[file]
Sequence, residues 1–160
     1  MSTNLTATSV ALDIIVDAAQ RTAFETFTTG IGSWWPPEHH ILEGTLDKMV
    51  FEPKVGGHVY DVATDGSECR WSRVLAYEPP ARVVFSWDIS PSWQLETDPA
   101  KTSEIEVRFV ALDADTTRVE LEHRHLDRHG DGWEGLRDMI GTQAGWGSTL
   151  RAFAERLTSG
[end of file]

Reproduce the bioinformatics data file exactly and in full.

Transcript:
Sequence, residues 1–160
     1  MSTNLTATSV ALDIIVDAAQ RTAFETFTTG IGSWWPPEHH ILEGTLDKMV
    51  FEPKVGGHVY DVATDGSECR WSRVLAYEPP ARVVFSWDIS PSWQLETDPA
   101  KTSEIEVRFV ALDADTTRVE LEHRHLDRHG DGWEGLRDMI GTQAGWGSTL
   151  RAFAERLTSG